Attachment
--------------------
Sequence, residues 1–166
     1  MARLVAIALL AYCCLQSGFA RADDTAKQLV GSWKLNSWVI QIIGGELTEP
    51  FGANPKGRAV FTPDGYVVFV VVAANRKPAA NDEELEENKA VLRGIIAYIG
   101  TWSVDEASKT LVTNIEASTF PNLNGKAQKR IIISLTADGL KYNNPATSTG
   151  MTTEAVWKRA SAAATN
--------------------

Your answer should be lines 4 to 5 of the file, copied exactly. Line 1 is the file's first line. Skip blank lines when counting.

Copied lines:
   101  TWSVDEASKT LVTNIEASTF PNLNGKAQKR IIISLTADGL KYNNPATSTG
   151  MTTEAVWKRA SAAATN